Kinder Morgan Energy Partners LP (NYSE:KMP) has announced plans to build a crude-by-rail terminal in Houston, Texas, underlining a U.S. trend towards the use of rail to ship crude. The pipeline transporter and truck and rail operator Watco have formed a joint venture KW Express LLC which will own 85 per cent of the terminal. The remaining 15 per cent will be owned by Mercuria Energy Trading Company, a Texas energy trading firm. The terminal will deliver up to 210,000 barrels of crude oil per day for sale to nearby refineries. Kinder Morgan says the terminal would enable Mercuria Energy to bring crude oil to the Gulf Coast from western Texas, the oil hub at Cushing, Oklahoma, the Bakken Shale, and western Canada (where a potential investment by Kinder Morgan will give the company more access to oil in the area).

“This will be the first major crude by rail destination facility in the Houston area with the ability to deliver into the largest refining complex in the world,” John Schlosser, Kinder Morgan Terminals’ president, said.

Kinder Morgan

Oil haulage through railroad – an expensive proposition compared to pipeline shipping – is a throwback at to the earliest days of the petroleum industry when there were no pipelines to start with.

However, the concept is gaining popularity again as unconventional hydrocarbon production picks up virtually across the nation including areas that are poorly connected to the existing North American pipeline system. Prominent of these new production hotspots is North Dakota’s Bakken Shale formation.

Kinder Morgan Energy Partners LP (NYSE:KMP)’s initiative to resort to an age old approach for oil transportation is a manifestation that the pipeline network has not been able to keep up with the rapid but geographically scattered growth on the unconventional side.

The company is a pipeline transporter and what it is doing could somewhat weaken the pipeline operators’ influence in the market. It is usually a zero sum game between pipeline operators and railroads as one’s gain would be another’s loss.

Despite this conflict, Kinder Morgan’s decision seems to make sense as trains can reach higher-paying markets more flexibly, allowing shippers to take advantage of more favorable market conditions.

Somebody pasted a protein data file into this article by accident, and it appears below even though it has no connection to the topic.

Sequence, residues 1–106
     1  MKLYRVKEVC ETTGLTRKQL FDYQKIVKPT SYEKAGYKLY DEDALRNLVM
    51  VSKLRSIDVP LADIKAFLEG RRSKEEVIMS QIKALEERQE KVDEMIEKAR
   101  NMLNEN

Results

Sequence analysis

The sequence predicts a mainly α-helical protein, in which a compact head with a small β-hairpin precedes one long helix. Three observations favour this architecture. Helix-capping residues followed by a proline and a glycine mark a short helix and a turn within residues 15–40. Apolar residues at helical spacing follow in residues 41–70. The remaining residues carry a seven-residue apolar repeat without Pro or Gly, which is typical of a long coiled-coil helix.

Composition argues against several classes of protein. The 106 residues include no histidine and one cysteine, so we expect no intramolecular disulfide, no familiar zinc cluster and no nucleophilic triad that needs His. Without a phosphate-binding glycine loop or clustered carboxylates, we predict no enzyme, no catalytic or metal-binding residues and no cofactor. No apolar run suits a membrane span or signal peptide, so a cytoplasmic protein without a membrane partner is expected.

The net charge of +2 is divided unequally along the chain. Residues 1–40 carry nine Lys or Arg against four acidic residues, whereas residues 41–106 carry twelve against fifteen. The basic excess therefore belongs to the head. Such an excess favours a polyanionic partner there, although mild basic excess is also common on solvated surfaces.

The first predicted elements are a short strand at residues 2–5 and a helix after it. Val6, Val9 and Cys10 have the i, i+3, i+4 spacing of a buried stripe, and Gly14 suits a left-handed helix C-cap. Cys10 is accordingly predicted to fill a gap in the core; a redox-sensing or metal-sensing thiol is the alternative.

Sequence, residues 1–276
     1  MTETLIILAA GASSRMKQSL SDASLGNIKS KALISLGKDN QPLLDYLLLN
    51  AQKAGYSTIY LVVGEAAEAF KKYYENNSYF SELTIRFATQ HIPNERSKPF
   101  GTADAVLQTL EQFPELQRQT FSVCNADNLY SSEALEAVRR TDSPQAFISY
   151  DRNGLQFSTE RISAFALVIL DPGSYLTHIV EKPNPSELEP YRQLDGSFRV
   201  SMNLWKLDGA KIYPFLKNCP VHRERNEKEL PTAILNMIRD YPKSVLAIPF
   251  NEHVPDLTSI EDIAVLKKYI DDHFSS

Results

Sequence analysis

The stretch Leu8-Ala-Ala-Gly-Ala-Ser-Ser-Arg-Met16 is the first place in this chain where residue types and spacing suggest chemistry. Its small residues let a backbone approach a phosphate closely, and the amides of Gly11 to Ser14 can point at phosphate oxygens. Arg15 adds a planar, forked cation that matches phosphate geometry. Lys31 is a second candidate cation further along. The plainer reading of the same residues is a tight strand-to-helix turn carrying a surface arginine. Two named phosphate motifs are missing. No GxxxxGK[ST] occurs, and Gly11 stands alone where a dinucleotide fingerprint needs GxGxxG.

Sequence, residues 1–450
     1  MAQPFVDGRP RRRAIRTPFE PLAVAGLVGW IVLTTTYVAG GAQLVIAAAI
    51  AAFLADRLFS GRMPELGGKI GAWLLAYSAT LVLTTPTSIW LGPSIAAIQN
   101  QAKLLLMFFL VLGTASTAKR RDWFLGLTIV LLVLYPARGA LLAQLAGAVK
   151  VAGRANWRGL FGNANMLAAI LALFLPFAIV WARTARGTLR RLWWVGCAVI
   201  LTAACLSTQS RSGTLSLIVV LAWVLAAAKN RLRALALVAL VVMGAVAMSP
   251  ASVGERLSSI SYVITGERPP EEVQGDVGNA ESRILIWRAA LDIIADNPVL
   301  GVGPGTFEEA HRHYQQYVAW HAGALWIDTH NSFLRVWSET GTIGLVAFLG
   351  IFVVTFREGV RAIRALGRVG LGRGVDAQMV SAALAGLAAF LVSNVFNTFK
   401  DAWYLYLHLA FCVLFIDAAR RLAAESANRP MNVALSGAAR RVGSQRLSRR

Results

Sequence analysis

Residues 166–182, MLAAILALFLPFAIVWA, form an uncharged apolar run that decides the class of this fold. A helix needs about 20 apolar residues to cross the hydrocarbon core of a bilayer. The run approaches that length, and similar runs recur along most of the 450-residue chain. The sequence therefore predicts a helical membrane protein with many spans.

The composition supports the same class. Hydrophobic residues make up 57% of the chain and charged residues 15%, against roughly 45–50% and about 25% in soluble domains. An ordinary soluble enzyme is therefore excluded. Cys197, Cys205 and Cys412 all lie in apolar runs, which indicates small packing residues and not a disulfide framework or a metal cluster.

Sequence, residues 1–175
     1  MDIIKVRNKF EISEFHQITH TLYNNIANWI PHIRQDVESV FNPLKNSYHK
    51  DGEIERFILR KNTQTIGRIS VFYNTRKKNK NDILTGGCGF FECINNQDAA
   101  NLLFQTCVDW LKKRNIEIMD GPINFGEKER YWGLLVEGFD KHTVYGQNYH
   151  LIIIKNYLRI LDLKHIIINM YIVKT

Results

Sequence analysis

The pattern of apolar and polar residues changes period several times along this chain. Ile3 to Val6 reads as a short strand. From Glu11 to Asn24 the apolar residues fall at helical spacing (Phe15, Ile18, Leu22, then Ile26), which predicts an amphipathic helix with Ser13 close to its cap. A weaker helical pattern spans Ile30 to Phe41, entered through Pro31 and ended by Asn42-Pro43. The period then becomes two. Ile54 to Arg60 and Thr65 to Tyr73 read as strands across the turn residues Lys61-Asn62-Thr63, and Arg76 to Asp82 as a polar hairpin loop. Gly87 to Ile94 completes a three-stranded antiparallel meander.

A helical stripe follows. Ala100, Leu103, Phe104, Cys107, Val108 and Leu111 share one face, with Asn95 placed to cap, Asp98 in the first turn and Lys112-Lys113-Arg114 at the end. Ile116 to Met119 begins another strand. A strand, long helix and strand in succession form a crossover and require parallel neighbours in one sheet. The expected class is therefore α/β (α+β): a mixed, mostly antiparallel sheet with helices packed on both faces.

For example, a barrel of light crude on the Gulf Coast could mean a price difference of $20 or more as compared to prices in the midcontinent. Oil refiners on the Gulf Coast have traditionally relied on costlier imports from Europe or West Africa.

This simply means that Kinder Morgan Energy Partners LP (NYSE:KMP) has forged a profitable collaboration with railroads in a booming oil transportation market. Without making much fuss, railroads have been benefiting from the second oil revolution.

According to information from the Association of American Railroads trade group, the amount of crude shipped by rail in the US has more than tripled over the past year, with 233,811 carloads of crude oil in 2012 compared to 65,751 carloads the year before.

Probably the best stock to play this theme is Canadian National Railway Company (TSE:CNR) (NYSE:CNI) whose crude oil shipments jumped from 5,000 carloads in 2011 to 30,000 carloads in 2012.

The company projects it will be able to double this figure in 2013 by building a new terminal to serve Gulf Coast refiners. Canadian National Railway Company had a fantastic fourth quarter during which petroleum and chemicals contributed 17 per cent to the company’s top line.

Canadian Pacific Railway Limited (NYSE:CP) (TSE:CP) is another player making most of the hydrocarbon boom. The company claims it is the only rail carrier providing single line haul service between the Bakken and major crude oil markets in the Northeastern U.S.

The railroad operator hauled 8.5 million barrels of Bakken oil in 2012, growing up many times from just 325,000 barrels in 2009 when it started operations in the region. In addition to hauling oil, the company, which has a formidable presence in Marcellus Shale region, is busy increasing sand shipments for fracking which is another lucrative line of business.